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|Additional Physical Format:||Online version:
Aubrey Beardsley, dandy of the grotesque.
New York : Oxford University Press, 1995
|Named Person:||Aubrey Beardsley; Aubrey Beardsley; Aubrey Beardsley|
|All Authors / Contributors:||
|Description:||xix, 338 p. : ill. ; 25 cm.|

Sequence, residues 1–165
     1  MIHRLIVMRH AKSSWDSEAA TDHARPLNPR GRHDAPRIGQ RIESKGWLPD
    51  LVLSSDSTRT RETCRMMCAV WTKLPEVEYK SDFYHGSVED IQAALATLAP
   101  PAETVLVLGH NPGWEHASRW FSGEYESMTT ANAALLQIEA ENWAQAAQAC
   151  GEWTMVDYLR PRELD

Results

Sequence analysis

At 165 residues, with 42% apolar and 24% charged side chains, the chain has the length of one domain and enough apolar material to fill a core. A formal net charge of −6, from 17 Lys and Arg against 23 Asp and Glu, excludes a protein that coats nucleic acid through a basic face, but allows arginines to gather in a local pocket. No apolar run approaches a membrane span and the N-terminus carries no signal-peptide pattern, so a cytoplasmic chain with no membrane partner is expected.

In this book, Snodgrass analyzes a wide range of Beardsley's most characteristic work, and establishes Beardsley's assumptions about the underlying nature of his world. Snodgrass argues that Beardsley's pictures present a dialogue between seemingly polarized impulses: a desire to scandalize and destabilize the old order, and, equally strong, a need to affirm traditional authority. Further, Beardsley's "dandy" sensibility and grotesque caricatures become his means of realigning canonical meaning. Thus, he effects what might be termed a "caricature" of traditional signification. An aesthete devoted to the "Religion of Art," Beardsley, nonetheless, creates a world inescapably "de-formed." He is a Dandy of the Grotesque.